Tuesday, November 25, 2014
My Account  | Login
Nashua;39.0;http://forecast.weather.gov/images/wtf/small/nskc.png;2014-11-25 21:58:09
Tuesday, April 10, 2012

Care match site to post first requests

CONCORD – A website that serves as a matchmaker between self-insured businesses and health care providers expects to post its first 30 requests from employers next week.

Open Health Market was founded in early 2011 by a doctor in California, a lawyer in New Hampshire and a former benefits manager in Maine. It was designed to cut out the middleman when it comes to health care by allowing employers to submit requests for proposals for a category of medical services and procedures – knee surgeries, for example, or cardiac care – and have health care providers submit competing bids.

At the time, officials said they would consider the venture a success if after a year it had connected one employer and one health system, and both sides were happy. But while the group heard from many employers intrigued by the idea, most were hesitant to make the leap without a bit of hand holding, said Don Crandlemire, the Concord lawyer who created the site along with Dr. Leonard Fromer of Los Angeles and Peter Hayes, former benefits manager at Scarborough, Maine-based Hannaford Bros. supermarkets.

“Employers had been extremely receptive to the concept, but the adoption of something so transformative has been slow,” he said.

Instead, the group has teamed up with Dallas-based ACAP Health, which consults with employers on strategies to reduce health costs. The company helped make the Open Health Market website more user friendly, and brought in its first batch of employers.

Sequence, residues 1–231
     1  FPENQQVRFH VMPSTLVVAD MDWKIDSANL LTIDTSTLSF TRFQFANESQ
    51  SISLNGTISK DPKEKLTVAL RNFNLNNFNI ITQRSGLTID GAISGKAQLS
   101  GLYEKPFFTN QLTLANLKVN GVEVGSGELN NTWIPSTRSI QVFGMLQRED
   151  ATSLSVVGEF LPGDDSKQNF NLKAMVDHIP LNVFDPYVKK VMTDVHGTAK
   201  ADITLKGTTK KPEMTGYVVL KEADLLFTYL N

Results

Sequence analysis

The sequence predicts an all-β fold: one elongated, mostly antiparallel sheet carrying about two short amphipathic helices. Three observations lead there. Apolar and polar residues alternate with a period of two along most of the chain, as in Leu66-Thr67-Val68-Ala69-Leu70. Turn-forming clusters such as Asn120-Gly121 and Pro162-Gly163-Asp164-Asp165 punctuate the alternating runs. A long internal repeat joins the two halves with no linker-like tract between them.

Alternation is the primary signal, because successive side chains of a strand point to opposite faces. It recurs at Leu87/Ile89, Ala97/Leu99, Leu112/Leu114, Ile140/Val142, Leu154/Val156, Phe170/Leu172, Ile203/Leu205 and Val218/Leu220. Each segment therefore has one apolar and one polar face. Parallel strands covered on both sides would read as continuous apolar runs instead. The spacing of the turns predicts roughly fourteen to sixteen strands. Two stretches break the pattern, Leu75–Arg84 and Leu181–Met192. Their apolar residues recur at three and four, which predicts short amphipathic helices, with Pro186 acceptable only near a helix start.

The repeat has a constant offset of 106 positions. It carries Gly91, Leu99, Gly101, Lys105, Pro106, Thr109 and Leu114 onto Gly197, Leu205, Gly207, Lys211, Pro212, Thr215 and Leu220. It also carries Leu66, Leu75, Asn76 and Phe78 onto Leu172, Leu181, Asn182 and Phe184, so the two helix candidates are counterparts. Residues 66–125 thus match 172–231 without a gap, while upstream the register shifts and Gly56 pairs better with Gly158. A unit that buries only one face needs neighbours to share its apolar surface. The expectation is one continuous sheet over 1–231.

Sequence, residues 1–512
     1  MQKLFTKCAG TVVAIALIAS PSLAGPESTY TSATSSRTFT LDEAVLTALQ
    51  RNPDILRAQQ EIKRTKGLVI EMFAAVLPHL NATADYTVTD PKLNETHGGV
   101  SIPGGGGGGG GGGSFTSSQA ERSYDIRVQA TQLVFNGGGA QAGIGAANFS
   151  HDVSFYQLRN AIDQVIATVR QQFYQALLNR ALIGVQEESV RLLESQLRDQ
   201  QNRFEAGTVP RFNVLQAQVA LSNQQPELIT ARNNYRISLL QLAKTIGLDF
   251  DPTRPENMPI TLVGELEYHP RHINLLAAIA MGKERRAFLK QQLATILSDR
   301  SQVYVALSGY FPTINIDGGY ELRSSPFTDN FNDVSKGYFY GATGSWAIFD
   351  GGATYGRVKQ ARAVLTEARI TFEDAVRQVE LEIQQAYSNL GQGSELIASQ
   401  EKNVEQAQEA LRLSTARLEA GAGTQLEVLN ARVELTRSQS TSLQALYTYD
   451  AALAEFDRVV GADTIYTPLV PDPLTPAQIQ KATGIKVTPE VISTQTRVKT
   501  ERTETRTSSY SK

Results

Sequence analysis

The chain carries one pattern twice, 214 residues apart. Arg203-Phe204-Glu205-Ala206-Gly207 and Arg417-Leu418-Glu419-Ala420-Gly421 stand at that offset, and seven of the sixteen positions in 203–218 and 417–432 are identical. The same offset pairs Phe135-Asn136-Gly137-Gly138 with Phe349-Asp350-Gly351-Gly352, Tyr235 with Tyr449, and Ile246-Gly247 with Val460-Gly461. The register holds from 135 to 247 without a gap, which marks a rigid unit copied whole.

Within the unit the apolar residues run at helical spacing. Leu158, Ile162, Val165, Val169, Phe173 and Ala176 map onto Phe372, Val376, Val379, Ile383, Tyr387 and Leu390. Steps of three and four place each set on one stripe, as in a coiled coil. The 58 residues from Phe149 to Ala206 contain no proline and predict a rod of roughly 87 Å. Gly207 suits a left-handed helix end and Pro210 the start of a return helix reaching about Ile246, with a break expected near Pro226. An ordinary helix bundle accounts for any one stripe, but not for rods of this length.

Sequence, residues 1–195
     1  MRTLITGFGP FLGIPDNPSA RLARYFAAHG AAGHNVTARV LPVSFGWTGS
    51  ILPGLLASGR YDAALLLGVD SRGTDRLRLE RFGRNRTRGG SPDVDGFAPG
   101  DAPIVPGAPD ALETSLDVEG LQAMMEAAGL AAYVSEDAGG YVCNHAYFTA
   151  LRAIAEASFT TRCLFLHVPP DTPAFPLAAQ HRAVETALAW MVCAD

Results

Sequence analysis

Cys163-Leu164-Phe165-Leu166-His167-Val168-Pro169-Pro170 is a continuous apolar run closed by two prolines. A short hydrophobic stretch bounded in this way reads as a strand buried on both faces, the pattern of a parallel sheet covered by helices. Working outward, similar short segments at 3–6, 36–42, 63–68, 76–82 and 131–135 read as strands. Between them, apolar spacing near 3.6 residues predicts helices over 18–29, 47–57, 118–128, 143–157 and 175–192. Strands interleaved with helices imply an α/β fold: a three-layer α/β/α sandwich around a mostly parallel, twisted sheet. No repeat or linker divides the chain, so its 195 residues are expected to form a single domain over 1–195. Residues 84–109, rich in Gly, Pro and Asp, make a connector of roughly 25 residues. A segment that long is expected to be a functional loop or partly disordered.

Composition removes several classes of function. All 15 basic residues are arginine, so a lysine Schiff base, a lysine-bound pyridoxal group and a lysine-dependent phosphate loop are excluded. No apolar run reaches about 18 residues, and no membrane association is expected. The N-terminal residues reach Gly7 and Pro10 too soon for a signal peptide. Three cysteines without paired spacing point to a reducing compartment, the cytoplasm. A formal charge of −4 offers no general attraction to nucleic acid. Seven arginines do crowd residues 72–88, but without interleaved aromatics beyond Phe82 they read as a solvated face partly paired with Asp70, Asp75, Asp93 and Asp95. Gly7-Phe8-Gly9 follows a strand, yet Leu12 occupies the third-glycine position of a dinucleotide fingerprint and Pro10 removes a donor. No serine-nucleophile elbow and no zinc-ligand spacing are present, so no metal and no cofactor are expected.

In the next week, 30 Texas corporations that together spend more than $1 billion on health care for more than 100,000 employees and their families will post their requests on Open Health Market, seeking information from primary-care providers, said Dr. Scott Conard, chief medical officer at ACAP Health. After a month, they’ll decide which providers they want to hear more from.

“Once you set the ground rules and the boundaries, and what the conversation is going to be focused on, it’s our experience that the two sides warm up very quickly and it becomes a fantastic conversation around the health of the employees and patients,” he said.

Nearly 60 percent of U.S. workers who have health insurance are covered by employer-funded plans, according to the Kaiser Family Foundation. Under such an arrangement, an employer assumes responsibility for the costs of employees’ medical claims, typically contracting with an insurer or third-party administrator to administer the claims.

With Open Health Market, employers negotiate directly with health care providers, potentially achieving savings that could then be passed along to employees in the form of incentives to go with the new provider, such as a waived deductible.

Critics have said such a system could lead to a focus on discounting services, rather than quality improvement. Open Health Market officials counter that quality, patient satisfaction and convenience also would be part of the negotiations, though other critics question whether employers are prepared to take on the task of evaluating providers based on quality and other factors.